7 Important Things To Consider Before Investing On Speakers7=
There is no dispute to the fact that the best way to know if particular speakers are any good before buying is to test the product beforehand. However that option is not available to you while online shopping; and even when you go to stores selling speakers, you most probably won’t have the possibility to test as much speakers as you’d want because you won’t be allowed to unpack the sealed package, like one does when trying on shoes… In any case, that does not mean that you’ll have to buy at random. It’s where the speakers specifications kick in. Here is a guide to help you read those specs so that you can then make an informed decision about which speakers suit you best.
One of the most important and yet neglected specifications, sensitivity is measured in decibels (dB) and it indicates how loud the speaker can be in a room environment, or by extension some place where there is no echo. The measurement displayed on the specification have a 2 to 3 dB variation, depending if it was measured in an average room conditions or in a non-reverberant environment. Obviously, the higher the sensitivity, the louder the speaker will be. To get you an idea, while silence is 0 dB, a whisper is between 15 and 25 dB, a normal speaking voice 65 to 70 dB, and a car horn would be 110 db. But I guess you’re more interested in the speakers… Well, average speakers range between 87 88 dB. If you happen to find speakers with more than 90 dB sensitivity, you can be sure they’re pretty loud!
It means resistance. Impedance, measured in ohms, is also a major spec to look out for. Simply put, a low resistance means that more electrical current is allowed to flow, while a higher resistance means less current. The trick for good speakers is to have a balanced impedance, neither high nor low, as the latter could overload the amplifier and risks damaging the speakers by making the amplifier try to drive more current, causing overheat. High impedance is also no better as speakers need sufficient current for the speakers to be able to play sufficiently loud. The optimal impedance would be thus around 6 to 8 ohms.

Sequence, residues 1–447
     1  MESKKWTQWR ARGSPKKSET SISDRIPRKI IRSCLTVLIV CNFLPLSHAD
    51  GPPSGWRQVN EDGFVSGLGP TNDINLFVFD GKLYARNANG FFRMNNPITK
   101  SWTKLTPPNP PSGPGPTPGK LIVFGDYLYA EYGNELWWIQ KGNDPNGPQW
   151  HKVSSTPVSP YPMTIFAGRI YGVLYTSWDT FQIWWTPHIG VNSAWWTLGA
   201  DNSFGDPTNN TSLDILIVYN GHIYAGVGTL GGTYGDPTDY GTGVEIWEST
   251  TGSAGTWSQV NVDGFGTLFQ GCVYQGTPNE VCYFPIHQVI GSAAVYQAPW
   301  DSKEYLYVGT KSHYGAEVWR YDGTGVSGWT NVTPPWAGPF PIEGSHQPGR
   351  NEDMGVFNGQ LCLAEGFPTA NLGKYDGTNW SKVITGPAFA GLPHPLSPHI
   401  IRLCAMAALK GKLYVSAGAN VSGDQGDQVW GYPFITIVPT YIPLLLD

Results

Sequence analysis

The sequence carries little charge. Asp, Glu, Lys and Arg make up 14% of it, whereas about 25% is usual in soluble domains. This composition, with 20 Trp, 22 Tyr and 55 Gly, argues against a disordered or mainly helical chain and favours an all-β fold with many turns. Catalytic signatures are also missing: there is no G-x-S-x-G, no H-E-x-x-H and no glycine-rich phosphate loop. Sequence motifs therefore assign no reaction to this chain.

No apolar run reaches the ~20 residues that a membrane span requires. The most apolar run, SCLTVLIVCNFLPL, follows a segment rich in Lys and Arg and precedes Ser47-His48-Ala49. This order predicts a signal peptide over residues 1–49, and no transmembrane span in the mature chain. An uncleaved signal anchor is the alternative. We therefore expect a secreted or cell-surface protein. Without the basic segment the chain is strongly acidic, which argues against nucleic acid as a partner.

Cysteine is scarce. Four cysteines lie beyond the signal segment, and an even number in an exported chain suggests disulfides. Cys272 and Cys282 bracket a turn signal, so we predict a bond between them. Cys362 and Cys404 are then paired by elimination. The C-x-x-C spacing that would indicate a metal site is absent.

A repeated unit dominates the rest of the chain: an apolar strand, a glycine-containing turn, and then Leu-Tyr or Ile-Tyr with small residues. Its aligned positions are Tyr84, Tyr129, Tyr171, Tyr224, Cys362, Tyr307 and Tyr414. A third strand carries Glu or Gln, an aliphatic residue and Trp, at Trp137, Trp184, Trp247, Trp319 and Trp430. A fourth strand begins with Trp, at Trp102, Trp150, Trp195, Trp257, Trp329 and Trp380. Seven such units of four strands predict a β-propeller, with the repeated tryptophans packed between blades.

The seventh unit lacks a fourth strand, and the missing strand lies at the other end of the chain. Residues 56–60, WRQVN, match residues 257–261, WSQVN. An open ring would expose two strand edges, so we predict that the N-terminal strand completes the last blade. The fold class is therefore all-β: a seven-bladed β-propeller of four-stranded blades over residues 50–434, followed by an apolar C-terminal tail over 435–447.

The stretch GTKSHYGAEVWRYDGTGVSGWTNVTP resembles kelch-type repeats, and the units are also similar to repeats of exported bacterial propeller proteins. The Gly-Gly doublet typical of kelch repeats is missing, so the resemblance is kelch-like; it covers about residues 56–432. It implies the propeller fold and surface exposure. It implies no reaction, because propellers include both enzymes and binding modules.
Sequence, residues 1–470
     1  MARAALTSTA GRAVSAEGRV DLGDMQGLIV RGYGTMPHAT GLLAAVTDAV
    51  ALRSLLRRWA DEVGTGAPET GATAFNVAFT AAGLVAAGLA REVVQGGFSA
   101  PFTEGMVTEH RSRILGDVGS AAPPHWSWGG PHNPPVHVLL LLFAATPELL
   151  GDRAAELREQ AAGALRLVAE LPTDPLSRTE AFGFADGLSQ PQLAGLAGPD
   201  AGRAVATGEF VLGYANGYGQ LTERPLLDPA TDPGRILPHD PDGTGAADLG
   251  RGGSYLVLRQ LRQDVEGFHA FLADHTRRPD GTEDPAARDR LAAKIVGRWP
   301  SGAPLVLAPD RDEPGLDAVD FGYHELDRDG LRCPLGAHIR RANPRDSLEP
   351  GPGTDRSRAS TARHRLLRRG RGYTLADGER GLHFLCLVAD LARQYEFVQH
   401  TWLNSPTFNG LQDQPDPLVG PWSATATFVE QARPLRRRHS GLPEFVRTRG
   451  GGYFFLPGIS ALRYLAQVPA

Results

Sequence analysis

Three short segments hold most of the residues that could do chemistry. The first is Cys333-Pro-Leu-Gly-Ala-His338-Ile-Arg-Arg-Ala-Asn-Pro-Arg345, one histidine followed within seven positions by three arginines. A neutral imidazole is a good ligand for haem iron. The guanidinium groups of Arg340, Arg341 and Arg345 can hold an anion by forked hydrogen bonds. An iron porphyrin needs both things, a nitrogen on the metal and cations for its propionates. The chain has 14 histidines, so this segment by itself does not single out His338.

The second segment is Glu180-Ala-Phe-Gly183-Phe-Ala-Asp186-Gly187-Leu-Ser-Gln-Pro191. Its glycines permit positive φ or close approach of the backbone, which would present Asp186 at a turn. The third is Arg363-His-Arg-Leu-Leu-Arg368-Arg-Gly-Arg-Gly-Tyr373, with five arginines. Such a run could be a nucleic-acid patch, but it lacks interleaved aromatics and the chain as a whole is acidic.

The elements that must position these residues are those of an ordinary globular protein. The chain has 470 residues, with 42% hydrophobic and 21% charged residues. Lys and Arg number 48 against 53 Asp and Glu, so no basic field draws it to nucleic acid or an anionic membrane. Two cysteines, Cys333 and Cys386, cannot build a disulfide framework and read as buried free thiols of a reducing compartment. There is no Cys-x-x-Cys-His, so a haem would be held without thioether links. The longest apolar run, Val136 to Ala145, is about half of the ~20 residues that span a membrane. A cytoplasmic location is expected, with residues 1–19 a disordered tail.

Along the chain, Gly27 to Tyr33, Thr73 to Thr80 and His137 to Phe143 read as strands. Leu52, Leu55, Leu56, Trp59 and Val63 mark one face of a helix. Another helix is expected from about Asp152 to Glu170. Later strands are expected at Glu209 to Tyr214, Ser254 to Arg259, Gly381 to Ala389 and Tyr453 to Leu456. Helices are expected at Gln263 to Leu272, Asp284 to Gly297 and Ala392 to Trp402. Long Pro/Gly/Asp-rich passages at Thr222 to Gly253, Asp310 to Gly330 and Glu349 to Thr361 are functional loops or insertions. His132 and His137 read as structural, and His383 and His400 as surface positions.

3- Frequency Range
Also known as frequency response, it is measured in Hertz (Hz) and it basically show you how low is the bass output and how high the speakers can get. If you read a figure like 50Hz-20kHz for example, the former number is the bass output, the lower the value the deeper is the bass, ; while 20kHz (20000 Hz) is the highest the speakers can reach. It is considered that a bass output lower than 50Hz is quite decent and doesn’t really require a subwoofer unless you really want the deepest possible bass. You also have to pay attention if there’s a +/- value next to the frequency range. It is an important value as it will tell you the variation in the tone of the speakers, in terms of decibels. Something around +/-3 dB would be a good value.
4- Power Handling
As its name suggests, this spec tells you how much power can the speakers handle without any harm to it. More than the power indicated, there’s a risk that you damage permanently the speakers. There generally are 2 power ratings specified: RMS/continuous and Peak, it is measured in Watts (W). The former value is specific to continuous power, while the Peak value is the maximum safe power in a single instant. You may disregard the Peak rating, it doesn’t really tell you much. Compare products according to RMS, and make sure you don’t confuse it with Peak, sometimes they can mislead you by not specifying which is which.
5- SNR (Signal-to-Noise Ratio)
There is a level of noise in the sound speakers produce. That is, there are first audio signals that goes to the speakers which they convert into the sounds we hear. In the process of conversion, the internal components of the speakers let go of some levels of noise. The SNR, measured in decibels (dB) shows you basically how strong is the audio signal in comparison with the noise. A 100 dB Signal-to-Noise Ratio for instance means that the audio signal is 100 dB higher than the noise. You would want a high SNR obviously.
6- Speaker Size
Rather than a true indicator, speaker size is more of a pointer as it is considered by many that the heavier and bigger speakers are, the better the sound output can get.
7- Speaker Cabinet
The material in which is made the speaker of is also an important factor. Dense materials are recommended as it could affect the quality of your bass through vibration if the material is light. The quality of the major components such as the cabinet and the drivers are really good indicators of the overall quality in addition with the specs. Enjoy the Music!